However, public knowledge of ground water contamination in China goes back twenty years. In addition, “According to a scientific sampling, 150 million mi (100,000 square kilometers) of China’s cultivated land have been polluted, with contaminated water being used to irrigate a further 32.5 million mi (21,670 square kilometers) and another 2 million mi (1,300 square kilometers) covered or destroyed by solid waste. In total, the area accounts for one-tenth of China’s cultivatable land, and is mostly in economically developed areas.” Source: Wikipedia – Soil Contamination
Zhou Shengxian, director of State Environmental Protection Administration, announced on July 2006, “It is estimated that nationwide 12 million tons of grain are polluted each year by heavy metals that have found their way into soil. Direct economic losses exceed 20 billion yuan (about 2.5 billion U.S. dollars). Soil pollution has worsened. According to incomplete statistics, about 150 million mu (10 million hectares) of arable land in China has been polluted.”
In addition, China has joined with Alterra to coordinate a major national multidisciplinary programme to map and contain the environmental risks in the Yangtze delta and the Pearl River delta… The goal of this collaborative project is to link together the various projects and enhance the scientific input. Joint research is being conducted into the use of crops to reduce the risks posed by areas of land contaminated with heavy metals.”
The partners in this project are:
- Soil Science Centre, Soil Chemistry and Nature team, Alterra (coordination)
- Soil Quality chair section, Environmental Sciences Department, Wageningen University
- Institute of Soil Science of the Chinese Academy of Sciences (ISSCAS), Nanjing, China
- Czech Academy of Sciences, Prague, Czech Republic (informal participation with own national budgets)
Bosshard was wrong when he claimed there was deceit here.
Deceit upon deceit?
Dear author, what we find most annoying in the behavior of others are those same behaviors of which we are equally guilty. You appear to dislike: lies, half truths and manipulation.
You have much to learn. Boiling water is good for killing bacteria and the like but does nothing to stave off the ill effects of heavy metals like copper, lead and the like. According to the BBC, at least 10% of all Chinese land is contaminated with heavy metals, which are not rendered inert by boiling. Thus, boiling water in China does no good when these elements are present.
When you made your comment, were you engaging in ““willful deception and a refusal to play by the rules?” when you state that boiling Chinese water is an anti-dote?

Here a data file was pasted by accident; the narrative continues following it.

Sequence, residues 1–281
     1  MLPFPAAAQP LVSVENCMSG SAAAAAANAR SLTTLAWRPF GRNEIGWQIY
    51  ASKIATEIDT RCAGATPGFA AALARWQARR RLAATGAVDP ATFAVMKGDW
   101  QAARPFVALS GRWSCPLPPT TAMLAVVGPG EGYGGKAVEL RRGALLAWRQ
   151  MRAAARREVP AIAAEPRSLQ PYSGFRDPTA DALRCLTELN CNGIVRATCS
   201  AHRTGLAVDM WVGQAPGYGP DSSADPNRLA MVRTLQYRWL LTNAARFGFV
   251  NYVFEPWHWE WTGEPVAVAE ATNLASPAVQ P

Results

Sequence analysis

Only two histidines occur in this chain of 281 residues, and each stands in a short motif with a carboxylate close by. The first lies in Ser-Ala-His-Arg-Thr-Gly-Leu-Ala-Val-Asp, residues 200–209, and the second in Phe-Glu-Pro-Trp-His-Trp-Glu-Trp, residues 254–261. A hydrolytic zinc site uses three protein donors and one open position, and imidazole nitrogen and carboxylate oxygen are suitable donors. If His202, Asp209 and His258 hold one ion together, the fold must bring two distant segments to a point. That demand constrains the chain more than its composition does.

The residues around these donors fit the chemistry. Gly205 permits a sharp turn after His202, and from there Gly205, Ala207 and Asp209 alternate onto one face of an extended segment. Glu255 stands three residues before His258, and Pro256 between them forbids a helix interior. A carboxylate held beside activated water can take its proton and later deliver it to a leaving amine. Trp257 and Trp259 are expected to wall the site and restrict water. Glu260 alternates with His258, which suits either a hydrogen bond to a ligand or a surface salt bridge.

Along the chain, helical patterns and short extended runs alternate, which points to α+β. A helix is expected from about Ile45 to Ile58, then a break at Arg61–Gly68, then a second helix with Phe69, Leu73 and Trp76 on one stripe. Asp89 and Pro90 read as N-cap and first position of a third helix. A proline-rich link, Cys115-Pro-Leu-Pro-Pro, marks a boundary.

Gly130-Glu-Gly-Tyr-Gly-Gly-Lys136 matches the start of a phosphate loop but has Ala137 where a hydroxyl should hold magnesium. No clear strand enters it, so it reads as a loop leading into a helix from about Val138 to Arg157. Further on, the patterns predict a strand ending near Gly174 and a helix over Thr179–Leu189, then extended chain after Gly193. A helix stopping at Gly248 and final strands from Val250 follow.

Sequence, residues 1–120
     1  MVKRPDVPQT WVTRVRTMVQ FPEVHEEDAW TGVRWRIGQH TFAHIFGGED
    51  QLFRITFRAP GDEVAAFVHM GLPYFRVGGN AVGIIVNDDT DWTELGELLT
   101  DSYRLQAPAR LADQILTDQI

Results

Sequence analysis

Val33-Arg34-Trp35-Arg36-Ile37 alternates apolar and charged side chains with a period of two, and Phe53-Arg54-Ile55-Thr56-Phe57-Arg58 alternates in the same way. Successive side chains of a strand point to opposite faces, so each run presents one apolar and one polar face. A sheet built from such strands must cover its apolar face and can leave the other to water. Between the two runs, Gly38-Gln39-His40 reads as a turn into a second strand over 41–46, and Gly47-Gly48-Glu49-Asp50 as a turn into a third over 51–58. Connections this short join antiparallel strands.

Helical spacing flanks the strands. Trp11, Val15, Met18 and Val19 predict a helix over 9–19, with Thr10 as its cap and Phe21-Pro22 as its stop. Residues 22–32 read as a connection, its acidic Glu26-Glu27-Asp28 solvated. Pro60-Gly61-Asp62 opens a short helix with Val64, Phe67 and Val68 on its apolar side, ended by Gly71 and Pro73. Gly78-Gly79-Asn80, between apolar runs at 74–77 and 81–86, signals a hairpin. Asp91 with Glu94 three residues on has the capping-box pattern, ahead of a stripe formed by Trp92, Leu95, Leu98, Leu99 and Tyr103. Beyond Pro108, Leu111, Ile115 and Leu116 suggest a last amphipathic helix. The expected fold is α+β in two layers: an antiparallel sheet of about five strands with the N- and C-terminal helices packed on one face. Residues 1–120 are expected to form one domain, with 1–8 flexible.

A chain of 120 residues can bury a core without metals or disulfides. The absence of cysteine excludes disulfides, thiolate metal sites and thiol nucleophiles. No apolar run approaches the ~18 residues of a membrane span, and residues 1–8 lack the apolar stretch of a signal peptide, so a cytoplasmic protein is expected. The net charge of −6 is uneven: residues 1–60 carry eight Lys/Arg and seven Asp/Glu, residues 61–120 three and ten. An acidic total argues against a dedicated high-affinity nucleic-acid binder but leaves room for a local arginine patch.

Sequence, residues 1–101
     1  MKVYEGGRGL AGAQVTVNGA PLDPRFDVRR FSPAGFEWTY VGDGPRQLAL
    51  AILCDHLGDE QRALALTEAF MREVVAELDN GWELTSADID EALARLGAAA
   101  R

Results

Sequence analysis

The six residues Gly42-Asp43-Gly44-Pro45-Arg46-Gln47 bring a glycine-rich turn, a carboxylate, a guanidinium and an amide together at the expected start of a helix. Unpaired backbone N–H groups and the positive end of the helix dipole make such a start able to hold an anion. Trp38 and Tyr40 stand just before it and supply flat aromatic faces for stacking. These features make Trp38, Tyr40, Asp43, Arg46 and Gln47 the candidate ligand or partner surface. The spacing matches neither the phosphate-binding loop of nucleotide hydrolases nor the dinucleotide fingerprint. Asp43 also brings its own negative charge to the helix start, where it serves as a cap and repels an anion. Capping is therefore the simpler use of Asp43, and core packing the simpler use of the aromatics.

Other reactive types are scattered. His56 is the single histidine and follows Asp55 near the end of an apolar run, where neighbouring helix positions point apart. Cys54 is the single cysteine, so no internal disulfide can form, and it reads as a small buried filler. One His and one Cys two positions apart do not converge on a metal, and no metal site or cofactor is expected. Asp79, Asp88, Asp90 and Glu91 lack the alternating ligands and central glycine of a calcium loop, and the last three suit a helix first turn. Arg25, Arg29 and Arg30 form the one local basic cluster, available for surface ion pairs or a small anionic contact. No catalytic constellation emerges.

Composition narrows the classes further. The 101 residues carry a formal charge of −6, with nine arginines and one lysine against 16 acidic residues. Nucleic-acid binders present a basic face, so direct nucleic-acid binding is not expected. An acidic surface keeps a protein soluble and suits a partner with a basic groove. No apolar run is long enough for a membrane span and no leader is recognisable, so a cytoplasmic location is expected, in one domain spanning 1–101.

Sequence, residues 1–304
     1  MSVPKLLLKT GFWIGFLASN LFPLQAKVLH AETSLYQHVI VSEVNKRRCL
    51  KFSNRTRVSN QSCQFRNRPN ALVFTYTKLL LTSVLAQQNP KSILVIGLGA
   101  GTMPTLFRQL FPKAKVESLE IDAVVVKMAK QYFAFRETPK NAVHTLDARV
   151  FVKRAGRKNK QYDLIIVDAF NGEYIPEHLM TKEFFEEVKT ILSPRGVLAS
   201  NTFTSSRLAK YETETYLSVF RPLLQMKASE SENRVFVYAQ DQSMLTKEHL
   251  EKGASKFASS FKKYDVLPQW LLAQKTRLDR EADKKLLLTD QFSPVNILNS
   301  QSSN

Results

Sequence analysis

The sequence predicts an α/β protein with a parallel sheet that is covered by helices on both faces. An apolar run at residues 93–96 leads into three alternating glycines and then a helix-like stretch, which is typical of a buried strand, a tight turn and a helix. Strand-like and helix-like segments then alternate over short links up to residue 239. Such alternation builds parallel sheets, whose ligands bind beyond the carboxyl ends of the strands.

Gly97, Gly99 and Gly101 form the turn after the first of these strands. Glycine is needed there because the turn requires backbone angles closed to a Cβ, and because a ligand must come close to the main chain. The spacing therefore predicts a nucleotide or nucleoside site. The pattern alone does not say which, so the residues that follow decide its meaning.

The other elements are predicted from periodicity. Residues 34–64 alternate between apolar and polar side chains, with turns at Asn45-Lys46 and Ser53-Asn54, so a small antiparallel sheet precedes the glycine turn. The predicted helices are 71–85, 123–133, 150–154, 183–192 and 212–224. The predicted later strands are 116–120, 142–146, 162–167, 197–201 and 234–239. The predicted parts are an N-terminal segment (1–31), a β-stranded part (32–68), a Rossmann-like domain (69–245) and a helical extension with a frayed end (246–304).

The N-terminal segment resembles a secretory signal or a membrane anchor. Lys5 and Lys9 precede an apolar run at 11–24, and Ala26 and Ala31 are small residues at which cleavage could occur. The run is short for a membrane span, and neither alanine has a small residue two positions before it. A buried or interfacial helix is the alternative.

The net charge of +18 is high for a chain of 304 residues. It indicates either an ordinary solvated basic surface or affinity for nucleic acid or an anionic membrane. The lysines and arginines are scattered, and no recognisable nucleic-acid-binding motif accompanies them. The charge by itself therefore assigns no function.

And an aside, do you personally drink the same water as the folks in Guizhou or Gansu, or do you purchase bottled water, a thing many of them cannot do?
As for your forgone conclusion that the need for water is greater than that of religion, I would disagree. Freedom of religion is paramount to many souls, just ask the Tibetans who will take their own lives in order to achieve such an end. If I were forced to give up my religion for water, I would not do so.
Please do not pretend to know the mind of the masses when yours may not be as open as you may believe.
This site has much information, but the author, like the Jesuits of old appears to have conjured up a China that he wishes us to believe in. The brutal reality of the communist regime and havoc it brings to its people can best be understood by reading books like Empire of Lies, The Beijing Consensus, Poorly Made in China, The Party, and a host of others.
I will not return to this comment nor website but would like to offer this question:
If you have lived in China, and all of your readers, then you truly know the truth of this place. And if you truly know the truth of this place, then do you think it’s right to knowingly deceive the people about it?
God bless and keep all His children safe and informed.
Continued on February 17 at Contaminated Water and Soil is a Global Problem – Part 5 or return to Part 3
Lloyd Lofthouse is the award-winning author of The Concubine Saga. When you love a Chinese woman, you marry her family and culture too. This is the love story Sir Robert Hart did not want the world to discover.